Through this, the patient is empowered to make the decision.
In practice, that isn’t usually the case.
There are extremes on both ends. A patient concerned less with the risks of the treatment than being treated may agree to a procedure with little coaxing. A harried doctor might walk in, buzz through an explanation in 20 seconds and disappear, leaving a nurse to confront any concerns.
Even at diligent institutions, the experience is not consistent among hospitals or doctors.
Fellows used his recent procedure as an example.
“The two residents, one was from India, the other was English, but that’s not even the point. What’s the consistency from a physician to a resident? You don’t know.”
With such potential for misunderstanding and inconsistency, the informed consent process creates a host of legal and administrative challenges for hospitals and their insurers.
Besides doing little to improve the patient’s experience, a flawed informed consent process can remove the agreement’s legal protection against a malpractice suit and even provide the basis for one.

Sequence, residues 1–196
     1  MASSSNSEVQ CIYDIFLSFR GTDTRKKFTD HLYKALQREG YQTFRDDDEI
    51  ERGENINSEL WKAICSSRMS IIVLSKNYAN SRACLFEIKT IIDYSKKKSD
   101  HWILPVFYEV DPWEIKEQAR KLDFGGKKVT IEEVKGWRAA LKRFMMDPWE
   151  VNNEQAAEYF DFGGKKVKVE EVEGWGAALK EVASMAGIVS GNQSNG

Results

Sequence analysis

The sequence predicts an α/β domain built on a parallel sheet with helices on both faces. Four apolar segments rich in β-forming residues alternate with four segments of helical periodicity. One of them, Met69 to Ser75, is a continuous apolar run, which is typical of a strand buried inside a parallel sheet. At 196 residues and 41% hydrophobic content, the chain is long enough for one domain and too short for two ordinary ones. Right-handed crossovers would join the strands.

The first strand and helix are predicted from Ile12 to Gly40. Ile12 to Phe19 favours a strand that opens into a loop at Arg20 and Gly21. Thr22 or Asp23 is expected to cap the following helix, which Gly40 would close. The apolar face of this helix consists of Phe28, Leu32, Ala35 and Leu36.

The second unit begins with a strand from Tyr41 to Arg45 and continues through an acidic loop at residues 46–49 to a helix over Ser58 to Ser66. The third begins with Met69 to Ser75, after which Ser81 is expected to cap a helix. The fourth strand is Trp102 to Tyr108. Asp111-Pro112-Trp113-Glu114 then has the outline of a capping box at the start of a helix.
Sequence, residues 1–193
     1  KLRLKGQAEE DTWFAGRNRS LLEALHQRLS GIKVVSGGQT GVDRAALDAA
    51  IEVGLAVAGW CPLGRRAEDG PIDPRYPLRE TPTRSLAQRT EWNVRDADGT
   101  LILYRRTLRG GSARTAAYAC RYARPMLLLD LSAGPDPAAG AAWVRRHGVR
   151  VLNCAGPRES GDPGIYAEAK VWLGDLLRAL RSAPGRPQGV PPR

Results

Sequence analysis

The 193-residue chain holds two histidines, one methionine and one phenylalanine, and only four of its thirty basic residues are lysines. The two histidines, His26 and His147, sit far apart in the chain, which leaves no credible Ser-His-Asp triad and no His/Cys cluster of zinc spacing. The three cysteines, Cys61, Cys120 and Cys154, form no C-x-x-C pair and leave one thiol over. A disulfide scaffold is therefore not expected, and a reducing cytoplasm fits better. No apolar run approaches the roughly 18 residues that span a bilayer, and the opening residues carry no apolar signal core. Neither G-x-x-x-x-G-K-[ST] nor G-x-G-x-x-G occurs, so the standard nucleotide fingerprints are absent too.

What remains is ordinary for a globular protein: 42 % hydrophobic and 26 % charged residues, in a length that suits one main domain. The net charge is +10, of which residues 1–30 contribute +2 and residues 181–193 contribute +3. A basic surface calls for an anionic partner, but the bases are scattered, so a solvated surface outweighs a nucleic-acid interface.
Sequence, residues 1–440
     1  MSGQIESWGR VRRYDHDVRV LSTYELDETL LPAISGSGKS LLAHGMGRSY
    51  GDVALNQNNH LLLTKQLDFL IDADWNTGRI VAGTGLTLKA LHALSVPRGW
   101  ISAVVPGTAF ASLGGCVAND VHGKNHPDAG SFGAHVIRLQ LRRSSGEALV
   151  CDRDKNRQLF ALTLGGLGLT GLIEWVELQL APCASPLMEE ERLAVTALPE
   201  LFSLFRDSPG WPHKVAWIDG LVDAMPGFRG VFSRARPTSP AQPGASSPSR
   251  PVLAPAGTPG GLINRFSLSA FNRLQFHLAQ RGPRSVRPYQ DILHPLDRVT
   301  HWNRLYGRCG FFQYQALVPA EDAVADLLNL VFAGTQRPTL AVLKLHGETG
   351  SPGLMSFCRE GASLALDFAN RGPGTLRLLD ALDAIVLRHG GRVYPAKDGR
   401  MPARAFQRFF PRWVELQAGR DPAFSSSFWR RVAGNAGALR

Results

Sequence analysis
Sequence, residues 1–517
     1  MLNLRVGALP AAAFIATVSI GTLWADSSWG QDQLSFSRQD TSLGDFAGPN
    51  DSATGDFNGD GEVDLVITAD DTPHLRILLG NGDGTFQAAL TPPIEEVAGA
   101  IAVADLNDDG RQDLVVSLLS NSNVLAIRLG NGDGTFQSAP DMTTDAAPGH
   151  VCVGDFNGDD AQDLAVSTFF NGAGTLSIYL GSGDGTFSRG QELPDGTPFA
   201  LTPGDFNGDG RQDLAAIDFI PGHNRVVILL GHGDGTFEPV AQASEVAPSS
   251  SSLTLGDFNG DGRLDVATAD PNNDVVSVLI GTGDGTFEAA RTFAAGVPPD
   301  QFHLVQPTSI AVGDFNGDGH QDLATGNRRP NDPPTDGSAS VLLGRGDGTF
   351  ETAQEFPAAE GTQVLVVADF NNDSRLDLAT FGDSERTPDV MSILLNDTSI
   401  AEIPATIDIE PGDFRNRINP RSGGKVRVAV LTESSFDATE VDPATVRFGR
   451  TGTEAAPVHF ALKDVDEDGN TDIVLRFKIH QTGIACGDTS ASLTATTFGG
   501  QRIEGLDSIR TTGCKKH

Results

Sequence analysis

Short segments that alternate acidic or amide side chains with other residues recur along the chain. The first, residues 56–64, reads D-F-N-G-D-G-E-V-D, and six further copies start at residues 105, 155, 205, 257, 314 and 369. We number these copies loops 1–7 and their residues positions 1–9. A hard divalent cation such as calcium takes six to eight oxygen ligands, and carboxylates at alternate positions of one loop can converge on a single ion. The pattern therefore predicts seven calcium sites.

As InforMD’s core product, Advoca, rolls out of beta testing, Fellows hopes to change that.
Advoca is a comprehensive, interactive system designed to address all of the flaws of informed consent.
Beta tested at Duke Medical Center, West Michigan Heart and Spectrum Health’s Fred and Lena Meijer Heart Center, Advoca works like this:
The nurse or doctor creates an account for the patient, who then accesses the program at bedside with a tablet PC or on a computer in a separate room.
“Are you John Smith?” Advoca asks. “This is an animated guide to the medical procedure you are considering. The Advoca system was created to help you understand and be comfortable with procedures your doctor has recommended.”
Using graphic icons and simple, inoffensive animation, Advoca walks the patient through the procedure; its risks and the complications and the percentages in which those occur; and the alternatives to treatment.
The tutorial is written by leading procedural specialists. Duke’s Kevin Harrison wrote the first offering, Left Heart Catherization, with assistance from West Michigan Heart’s David Wohns and Richard McNamara.